Submitted on Remand February 10, 2015.
Jackson County Circuit Court 081663E7. On remand from the Oregon Supreme Court, Bova v. City of Medford, 356 Or. 516, 340 P.3d 47 (2014) . Mark S. Schiveley, Judge.
Robert E. Franz, Jr., and Law Office of Robert E. Franz, Jr., filed the briefs for appellants.
Stephen L. Brischetto filed the brief for respondent.
Before Ortega, Presiding Judge, and Sercombe, Judge, and Hadlock, Judge.
[271 Or.App. 454] SERCOMBE, J.
Plaintiff, a now-retired employee of the City of Medford, brought this action against the city and its city manager (collectively, " the city" ), claiming that the city violated ORS 243.303(2). That statute provides that a " local government that contracts for or otherwise makes available health care insurance coverage for officers and employees of the local government shall, insofar as and to the extent possible, make the coverage available for any retired employee of the local government." Plaintiff claimed that the city violated ORS 243.303(2) when it made certain health insurance coverage available to city employees while they were working, but failed to make that coverage available to plaintiff and members of a certified class of current employees when they retired. Plaintiff sought declaratory and injunctive relief, and the trial court granted him that relief after concluding, on plaintiff's motion for summary judgment, that the city had violated ORS 243.303(2). The city appealed, challenging that ruling along with several others. We concluded that the trial court erred in granting summary judgment to plaintiff on his claim for declaratory and injunctive relief under ORS 243.303(2), because " the legal standard that the trial court applied conflicts with the standard articulated by the Supreme Court in Doyle v. City of Medford, 347 Or. 564, 227 P.3d 683 (2010) [ Doyle I ], a decision that issued after the trial court's summary judgment ruling." Bova v. City of Medford, 262 Or.App. 29, 31-32, 324 P.3d 492 (2014) ( Bova I ).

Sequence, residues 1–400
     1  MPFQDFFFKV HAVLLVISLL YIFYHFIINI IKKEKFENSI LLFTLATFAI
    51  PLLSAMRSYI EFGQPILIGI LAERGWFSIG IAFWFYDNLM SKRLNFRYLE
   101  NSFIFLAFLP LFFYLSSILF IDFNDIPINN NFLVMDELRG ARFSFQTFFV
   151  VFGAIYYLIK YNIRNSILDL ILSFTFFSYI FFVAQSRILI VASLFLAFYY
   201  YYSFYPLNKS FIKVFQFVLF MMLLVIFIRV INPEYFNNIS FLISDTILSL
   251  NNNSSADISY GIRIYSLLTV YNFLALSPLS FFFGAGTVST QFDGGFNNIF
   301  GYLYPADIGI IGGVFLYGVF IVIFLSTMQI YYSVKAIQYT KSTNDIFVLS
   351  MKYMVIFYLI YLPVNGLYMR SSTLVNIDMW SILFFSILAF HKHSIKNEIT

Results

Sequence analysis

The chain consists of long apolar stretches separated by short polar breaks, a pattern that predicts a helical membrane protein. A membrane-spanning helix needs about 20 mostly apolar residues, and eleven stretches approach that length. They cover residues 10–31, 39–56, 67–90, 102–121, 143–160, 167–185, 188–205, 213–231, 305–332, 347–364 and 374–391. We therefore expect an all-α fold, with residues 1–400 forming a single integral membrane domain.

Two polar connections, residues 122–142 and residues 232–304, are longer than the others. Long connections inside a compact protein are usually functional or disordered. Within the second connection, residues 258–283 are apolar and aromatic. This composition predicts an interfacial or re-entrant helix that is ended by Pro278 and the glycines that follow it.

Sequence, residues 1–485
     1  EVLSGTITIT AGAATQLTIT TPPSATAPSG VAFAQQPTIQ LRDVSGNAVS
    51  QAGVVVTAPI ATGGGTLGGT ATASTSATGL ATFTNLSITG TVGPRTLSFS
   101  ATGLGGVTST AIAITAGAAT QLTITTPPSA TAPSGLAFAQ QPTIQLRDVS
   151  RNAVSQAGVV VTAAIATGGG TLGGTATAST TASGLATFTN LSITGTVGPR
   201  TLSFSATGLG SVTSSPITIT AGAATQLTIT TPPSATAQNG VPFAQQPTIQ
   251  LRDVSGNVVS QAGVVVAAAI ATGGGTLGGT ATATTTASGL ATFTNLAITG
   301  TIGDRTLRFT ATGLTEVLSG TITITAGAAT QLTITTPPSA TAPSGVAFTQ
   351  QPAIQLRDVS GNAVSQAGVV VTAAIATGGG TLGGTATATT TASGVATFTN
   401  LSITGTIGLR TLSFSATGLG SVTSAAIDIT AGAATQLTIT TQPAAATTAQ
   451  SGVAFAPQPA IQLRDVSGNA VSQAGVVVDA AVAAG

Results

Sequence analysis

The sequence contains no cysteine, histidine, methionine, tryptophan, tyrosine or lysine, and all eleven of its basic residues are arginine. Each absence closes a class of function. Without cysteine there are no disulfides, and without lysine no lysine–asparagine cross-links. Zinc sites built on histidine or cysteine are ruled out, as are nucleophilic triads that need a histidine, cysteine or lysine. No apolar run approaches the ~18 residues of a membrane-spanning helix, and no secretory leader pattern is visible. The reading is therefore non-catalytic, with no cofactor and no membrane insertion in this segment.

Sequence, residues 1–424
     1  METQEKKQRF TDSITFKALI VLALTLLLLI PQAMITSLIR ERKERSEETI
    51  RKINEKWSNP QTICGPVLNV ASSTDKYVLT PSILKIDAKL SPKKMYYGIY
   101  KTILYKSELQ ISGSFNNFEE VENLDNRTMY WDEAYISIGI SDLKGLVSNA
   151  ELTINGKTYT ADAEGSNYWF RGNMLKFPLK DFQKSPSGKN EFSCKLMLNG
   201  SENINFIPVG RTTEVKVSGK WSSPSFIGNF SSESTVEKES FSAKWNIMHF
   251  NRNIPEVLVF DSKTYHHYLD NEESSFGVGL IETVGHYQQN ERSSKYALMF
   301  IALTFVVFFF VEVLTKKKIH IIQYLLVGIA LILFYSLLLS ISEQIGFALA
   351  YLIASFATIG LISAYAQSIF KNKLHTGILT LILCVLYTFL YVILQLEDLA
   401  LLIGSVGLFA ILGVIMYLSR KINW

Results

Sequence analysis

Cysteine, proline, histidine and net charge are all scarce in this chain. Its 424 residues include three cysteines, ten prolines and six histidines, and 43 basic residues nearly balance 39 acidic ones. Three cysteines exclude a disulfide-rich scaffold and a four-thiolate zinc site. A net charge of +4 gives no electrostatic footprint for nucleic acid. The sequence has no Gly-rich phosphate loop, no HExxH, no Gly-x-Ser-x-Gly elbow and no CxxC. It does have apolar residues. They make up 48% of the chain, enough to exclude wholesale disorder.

Plaintiff petitioned for review. While his petition was pending, the Supreme Court issued its decision in Doyle v. City of Medford, 356 Or. 336, 337 P.3d 797 (2014) ( Doyle II ), a case involving claims for damages brought by retired city workers under ORS 243.303(2) that the trial court considered along with plaintiff's claims in this case. As to the Doyle plaintiffs' damages claim under ORS 243.303(2), the trial court determined that that statute provided for a private right of action for damages. In Doyle II, the Supreme Court concluded that there is no tort-based private right of action for a local government's violation of ORS 243.303(2), but held that the plaintiffs in that case did " have a claim for a determination of the parties' rights and duties under the statute that is actionable under the Declaratory Judgments [271 Or.App. 455] Act" and could seek " supplemental relief" under the act for " any cognizable damages." 356 Or. at 372, 383. Shortly after issuing its decision in Doyle II, the Supreme Court allowed review in this case, vacated our decision, and remanded " for determination of whether plaintiff is entitled to summary judgment on the ground that the city violated ORS 243.303 as determined under ORS Chapter 28."  Bova v. City of Medford, 356 Or. 336, 337 P.3d 797 (2014) ( Bova II ).